February 3, 2005 @ 10:32 pm | Comment

“I’m also unconvinced that people all over China believe Taiwan should be a part of China so strongly that they feel it is a matter of national pride. ”

99% mainland chinese strongly support the reunification, this was the result of a research conducted 1996 by a marketing reserch firm. the sampling is well balanced and large enough to represent the people here. i didn’t see the detailed tabulation analysis, but from common sense, this sentiments among people in rural areas are much more stronger than people in big cities. i myself can tolerant any kind of reunification as long as it brings peace and keeps taiwan and mainland in the same chinese nation, but many others don’t think in the same way.

in short, we should feel fortunate that mainland government was not kidnapped by this strong nationalist sentiment, and on the contrary, taiwan’s chen shuibian and DPP seems did everything they can to please voters and therefore in fact be kidnapped by the “tyranny of the majority”.

February 3, 2005 @ 10:37 pm | Comment

“I cannot understand why the “1.2 billion mainland Chinese souls and fleshes” have such a staked interest in Taiwanese independence. Of course, I understand that if we go to war that is a completely different issue. What I don’t understand is, barring the threat of war, why would the mainland Chinese people feel any sort of affinity to Taiwan?”

simple, because taiwan is a chinese soil.

mainland china almost went to war with former ussr for a tiny and wild island, it’s impossible for chinese to lose such a territory like taiwan without doing anything to keep it.

February 3, 2005 @ 10:48 pm | Comment

amethystjazz,

You also said that you are not sure whether China had Taiwan’s interests at heart and protray the DDP’s pro-independence agenda as being pure innocent Taiwan centric. I am afraid you are really a green horn to Taiwanese politics.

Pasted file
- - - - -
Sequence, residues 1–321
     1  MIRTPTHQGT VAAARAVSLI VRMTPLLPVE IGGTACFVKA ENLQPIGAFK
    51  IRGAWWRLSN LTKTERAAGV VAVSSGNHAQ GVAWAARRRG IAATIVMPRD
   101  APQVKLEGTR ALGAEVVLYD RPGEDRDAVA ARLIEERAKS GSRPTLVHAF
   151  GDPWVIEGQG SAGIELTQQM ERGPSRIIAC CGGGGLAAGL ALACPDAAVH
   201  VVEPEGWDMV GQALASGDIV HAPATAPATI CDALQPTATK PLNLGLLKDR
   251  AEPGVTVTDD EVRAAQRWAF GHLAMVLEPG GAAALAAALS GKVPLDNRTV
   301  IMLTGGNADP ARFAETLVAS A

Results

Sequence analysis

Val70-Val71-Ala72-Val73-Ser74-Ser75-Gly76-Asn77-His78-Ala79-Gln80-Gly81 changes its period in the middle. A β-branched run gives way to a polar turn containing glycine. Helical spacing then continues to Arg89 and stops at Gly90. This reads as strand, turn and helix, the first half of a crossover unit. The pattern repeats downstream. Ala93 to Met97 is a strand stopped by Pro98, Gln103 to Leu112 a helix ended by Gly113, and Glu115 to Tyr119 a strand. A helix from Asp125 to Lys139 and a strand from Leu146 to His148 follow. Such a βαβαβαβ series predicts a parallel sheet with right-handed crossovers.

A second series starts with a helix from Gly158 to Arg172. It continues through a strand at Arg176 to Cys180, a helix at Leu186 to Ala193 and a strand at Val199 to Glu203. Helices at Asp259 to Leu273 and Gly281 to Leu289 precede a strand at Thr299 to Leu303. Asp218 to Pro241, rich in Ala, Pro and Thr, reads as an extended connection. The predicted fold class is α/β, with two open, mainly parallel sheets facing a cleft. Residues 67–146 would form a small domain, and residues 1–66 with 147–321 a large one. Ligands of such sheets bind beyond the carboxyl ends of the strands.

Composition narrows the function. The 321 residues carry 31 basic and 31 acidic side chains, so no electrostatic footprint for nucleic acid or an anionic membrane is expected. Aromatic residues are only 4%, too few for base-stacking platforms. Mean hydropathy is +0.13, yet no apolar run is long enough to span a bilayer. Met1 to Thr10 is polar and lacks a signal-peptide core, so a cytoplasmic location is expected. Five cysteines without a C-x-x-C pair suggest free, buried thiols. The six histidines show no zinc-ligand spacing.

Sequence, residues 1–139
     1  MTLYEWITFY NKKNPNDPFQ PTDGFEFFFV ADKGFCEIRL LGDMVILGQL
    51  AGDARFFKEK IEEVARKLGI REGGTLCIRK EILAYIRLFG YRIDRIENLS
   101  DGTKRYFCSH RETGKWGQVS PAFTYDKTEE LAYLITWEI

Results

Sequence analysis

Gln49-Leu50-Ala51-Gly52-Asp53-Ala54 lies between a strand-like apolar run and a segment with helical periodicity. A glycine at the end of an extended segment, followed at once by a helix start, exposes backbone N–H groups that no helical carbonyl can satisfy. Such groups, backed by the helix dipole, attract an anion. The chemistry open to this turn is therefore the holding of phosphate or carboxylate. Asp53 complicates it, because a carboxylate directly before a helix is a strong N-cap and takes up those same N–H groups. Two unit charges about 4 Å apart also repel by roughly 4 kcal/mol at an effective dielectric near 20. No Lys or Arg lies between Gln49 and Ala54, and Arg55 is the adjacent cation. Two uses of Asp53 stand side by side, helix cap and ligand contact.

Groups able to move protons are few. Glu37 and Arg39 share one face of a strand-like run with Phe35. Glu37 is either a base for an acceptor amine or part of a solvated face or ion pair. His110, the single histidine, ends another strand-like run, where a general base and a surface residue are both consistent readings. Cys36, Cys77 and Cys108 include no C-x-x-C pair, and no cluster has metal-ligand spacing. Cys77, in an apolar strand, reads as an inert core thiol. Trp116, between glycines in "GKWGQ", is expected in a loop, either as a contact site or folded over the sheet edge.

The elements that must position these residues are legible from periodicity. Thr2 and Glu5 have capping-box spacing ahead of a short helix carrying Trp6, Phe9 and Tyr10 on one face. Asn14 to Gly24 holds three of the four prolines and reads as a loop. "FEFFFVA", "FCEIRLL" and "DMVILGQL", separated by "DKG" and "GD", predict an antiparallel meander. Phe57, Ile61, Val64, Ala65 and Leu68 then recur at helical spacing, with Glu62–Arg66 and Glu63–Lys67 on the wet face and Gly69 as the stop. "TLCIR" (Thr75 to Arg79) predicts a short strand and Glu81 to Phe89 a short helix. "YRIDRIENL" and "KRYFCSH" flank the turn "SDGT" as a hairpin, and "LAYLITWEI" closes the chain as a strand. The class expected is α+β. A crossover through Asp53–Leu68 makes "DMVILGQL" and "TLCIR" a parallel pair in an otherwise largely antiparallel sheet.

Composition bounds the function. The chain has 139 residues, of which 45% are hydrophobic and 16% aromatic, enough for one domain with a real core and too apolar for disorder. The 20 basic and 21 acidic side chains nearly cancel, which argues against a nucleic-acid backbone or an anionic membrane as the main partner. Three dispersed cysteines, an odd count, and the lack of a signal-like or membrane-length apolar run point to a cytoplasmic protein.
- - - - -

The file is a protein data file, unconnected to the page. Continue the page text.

DDP and Chen time and again would play the Taiwanese identity card prior to elections to discredit his opponents as “not loving Taiwan”, “sell-outs” and question the loyalty of Taiwanese with Mainland parentage, creating dvide and hence garner support. At the same time Lee Tenghui also provoked China into action prior to elections so that the speparatist parties would get sympathy votes. In the end, it is the Taiwanese society that suffers, creating tensions between native Taiwanese and Taiwanese with mainland parentage. The DDP, Chen and Lee are definitely not the altruistic angels and saints that you were duped into believing.

And as to the issue of DPP’s revisionism of history, it is deeply bias and politically motivated. It is not just about being Taiwan centric, it about shameful distorting of history. They started Taiwan’s history in books as a dependency of Holland, never mind the fact that Chinese presence and ownership was way before the arrival of the Dutch. Then they left out Qing China’s sovereignty over Taiwan till 1895. Again they also choose not to mention the Cairo and Potsdam Declarations. So is this being just Taiwan centric? They are carrying a Fascist-like campaign of De-Sinicisation and removing every traces of Chineseness on Taiwan. Their tactics is not less shocking than the history texts printed in the time of Stalin.

February 3, 2005 @ 10:52 pm | Comment

taiwan separatists even call Dr. Sun Yat-sen, the father of Repulic of CHINA, a foreigner to taiwan.

some top-ranked separatist officials asserted that the former taiwanese sex slaves were not forced by japanese army, they did that for money and were not harmed by japanese.

and lee, who claimed he was a japanese when he was young, insisted on introducing the japan’s high-speed train system, when taiwan has decided to introduce the european system.

February 3, 2005 @ 11:52 pm | Comment

SP,

Two points.

1) Cultural similarity, even shared cultural roots, is not sufficient to define common nationhood. Austria is not Germany. Argentina is not Chile.

2) In the US, the southern states freely decided, upon ratification of the constitution, to join a union, from which there was no mechanism for succession. Has this ever happened between Taiwan and China; or, to recognize the political realities of the 20th century, between the CCP and the KMT? No, the two parties never agreed to a common union. The more apt analogy, it seems to me, is the US revolution. In the China-Taiwan case, the revolution was never completed; there has never been a prior union, politically. While we may argue about whether there should be a succession mechanism in the US constitution (I personally think there should be – I live in Massachusetts and would be quite happy to let Texas go off on its own), it seems to me the historical circumstances prior to the US civil war are fundamentally different than the China-Taiwan situation.

February 4, 2005 @ 10:09 am | Comment

i don’t really understand why you’re so possessive, bingfeng. and insulting…tch.

February 10, 2005 @ 9:24 am | Comment